The basis of a position as state representative has to do with drafting and proposing legislation. I have more than a decade of legal training and experience in interpreting legislation and of constructing legal arguments for or against the implementation of legislation.  I understand the constitutionality of legislation and how laws will be effectuated and interpreted in courtrooms across Texas.  Moreover, I understand how proposed legislation will interact with the entire scheme of statutes in the state of Texas and the unforeseen consequences of that legislation.

I understand what drives business. I have finance and international business degrees. I have lived and studied business all over the world: in France, Asia, the Caribbean, and Costa Rica.  I was stockbroker and investment adviser at one point as well.  I understand how to create an environment in which business can thrive.  My business experience will be instrumental in crafting legislation to benefit businesses and workers in our district.


Through my exposure to various educational systems from Europe, Asia and Latin America, I have seen how education works and succeeds in other countries.  The problem is not the amount of money spent, the issue is the teaching methodology in Texas.  The standardized testing regimen is a one-size-fits-all program and it does not take into consideration the special needs of individual students.    Other countries excel in mathematics and science on a shoestring budget primarily because their education methods are more customized.  Some students are inclined in trades such as welding or automotive work so the schools should develop programs and direct students to these programs.  The same is true for students who show a predilection for math and science, they should be steered towards programs that highlight these abilities.   We also need to look at the best practices in countries that have demonstrated academic achievement and implement those processes here to increase scholastic achievement of our students.


There are numerous problems with our criminal justice system. DNA exonerations exemplify just one of the serious structural problems that exist.  And there are others such as prosecutors concealing evidence, judges not approving funding so that court appointed attorneys can have the tools necessary to represent defendant’s adequately.  Just one case of an innocent person held in jail on false charges necessitates an overhaul of the criminal justice system.  During my administration I will urge the Legislature to focus on these reforms:

  1. Amending trial procedure for both criminal and civil trials to further protect the rights of an accused who is presumed innocent until proven guilty and to preserve the rights of an injured party in civil cases.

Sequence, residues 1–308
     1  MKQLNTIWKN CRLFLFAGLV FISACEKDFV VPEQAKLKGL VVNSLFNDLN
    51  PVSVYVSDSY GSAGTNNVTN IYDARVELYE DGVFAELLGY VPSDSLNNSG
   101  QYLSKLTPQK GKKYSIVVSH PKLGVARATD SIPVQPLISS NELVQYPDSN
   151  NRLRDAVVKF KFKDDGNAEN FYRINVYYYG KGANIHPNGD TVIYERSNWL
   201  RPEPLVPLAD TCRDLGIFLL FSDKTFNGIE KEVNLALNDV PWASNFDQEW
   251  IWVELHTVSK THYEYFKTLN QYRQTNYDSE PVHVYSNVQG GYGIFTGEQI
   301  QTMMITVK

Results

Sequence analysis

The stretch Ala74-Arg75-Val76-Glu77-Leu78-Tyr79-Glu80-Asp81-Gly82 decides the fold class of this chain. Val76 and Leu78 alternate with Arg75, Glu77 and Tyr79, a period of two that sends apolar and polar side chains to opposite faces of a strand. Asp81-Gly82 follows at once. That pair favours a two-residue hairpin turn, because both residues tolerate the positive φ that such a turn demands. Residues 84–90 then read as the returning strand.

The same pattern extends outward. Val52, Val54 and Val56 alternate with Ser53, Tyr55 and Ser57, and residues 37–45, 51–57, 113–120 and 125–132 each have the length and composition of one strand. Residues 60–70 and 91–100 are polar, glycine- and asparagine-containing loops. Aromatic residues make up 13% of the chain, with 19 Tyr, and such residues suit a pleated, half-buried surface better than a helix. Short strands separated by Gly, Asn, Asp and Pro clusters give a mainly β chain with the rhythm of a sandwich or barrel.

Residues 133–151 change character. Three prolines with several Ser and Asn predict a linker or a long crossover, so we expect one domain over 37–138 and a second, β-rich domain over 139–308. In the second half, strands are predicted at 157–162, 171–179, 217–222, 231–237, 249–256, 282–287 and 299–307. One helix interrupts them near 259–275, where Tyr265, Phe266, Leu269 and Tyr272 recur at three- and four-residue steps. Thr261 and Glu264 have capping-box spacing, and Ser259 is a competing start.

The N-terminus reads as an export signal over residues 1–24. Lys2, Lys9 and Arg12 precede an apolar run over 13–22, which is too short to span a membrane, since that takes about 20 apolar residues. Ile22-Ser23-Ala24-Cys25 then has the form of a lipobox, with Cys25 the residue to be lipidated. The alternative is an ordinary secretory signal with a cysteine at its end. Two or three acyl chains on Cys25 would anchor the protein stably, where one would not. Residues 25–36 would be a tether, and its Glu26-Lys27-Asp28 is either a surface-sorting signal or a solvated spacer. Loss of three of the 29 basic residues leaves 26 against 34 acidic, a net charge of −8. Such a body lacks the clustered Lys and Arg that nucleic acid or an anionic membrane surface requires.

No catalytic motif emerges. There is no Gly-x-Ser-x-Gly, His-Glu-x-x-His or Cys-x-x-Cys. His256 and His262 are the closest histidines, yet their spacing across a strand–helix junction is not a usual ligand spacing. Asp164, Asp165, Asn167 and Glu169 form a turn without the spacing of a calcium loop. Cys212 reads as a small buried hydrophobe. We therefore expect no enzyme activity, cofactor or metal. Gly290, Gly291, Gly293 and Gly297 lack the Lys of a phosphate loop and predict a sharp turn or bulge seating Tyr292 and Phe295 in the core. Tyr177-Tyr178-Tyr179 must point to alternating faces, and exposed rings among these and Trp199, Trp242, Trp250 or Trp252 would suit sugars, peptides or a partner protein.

2. Bail reform needed to make bail more accessible to all accused persons.
  3. Reform is needed to hold judges accountable for making incorrect decisions. No longer should they be allowed to hide behind judicial immunity.
  4. Uniformity in sentencing reform: people with the same charges and same circumstances should receive similar sentences.  There should not be an inordinate amount of variation in sentences simply due to the race or gender of the defendant or other impermissible factors.
  5. The focus of the criminal justice system needs to be reoriented towards rehabilitation and reintegration of individuals into society as productive citizens. I don’t think that we can throw everyone in jail and get rid of the key for nonviolent offenders.
  6. Immediate reform is needed in the system of court appointed attorneys for indigent criminal defendants to assure random appointment of attorneys and a fee structure incentivizing defense attorneys to perform thorough representation for an indigent accused. The system today is one of nepotism where judges reward their acolytes with more cases and approval for funds.  Those outside of the judge’s inner circle have requests for funds denied, ultimately compromising representation for hundreds if not thousands of indigent defendants.
  7. Contempt procedures need to be reformed making them subject to immediate and mandatory review by a higher court. I have seen too many situations where judges due to personal grudges use contempt as a weapon in order to keep attorneys and parties in line and from arguing their cases.
  8. Nonviolent drug offenses need to be made into fines and minor infractions instead of penitentiary offenses.


Marijuana for recreational use should be legalized with a reasonable tax.  There is no longer a need for distinctions in medical use versus non-medical use.  The majority of people are in favor of legalized marijuana.  These systems have worked very effectively in Colorado, Washington and other states and have contributed tens of millions of dollars to local communities.  Texas needs to get out of the dark ages and embrace the future.


The jobs being created currently are low-paying, technically unsophisticated.  They do not require much education and these jobs will likely be automated in the near future.  The issue is education.  Programs need to be implemented to identify those sectors where workers are critically needed.  Workers are needed more than ever in the technology and science sectors and workers need to be educated as to these opportunities.  They need the training and skills necessary to fill those jobs of the future.  My responsibility as state representative will be to propose laws that secure the funding for training for the high-tech jobs of the future to the 109th district.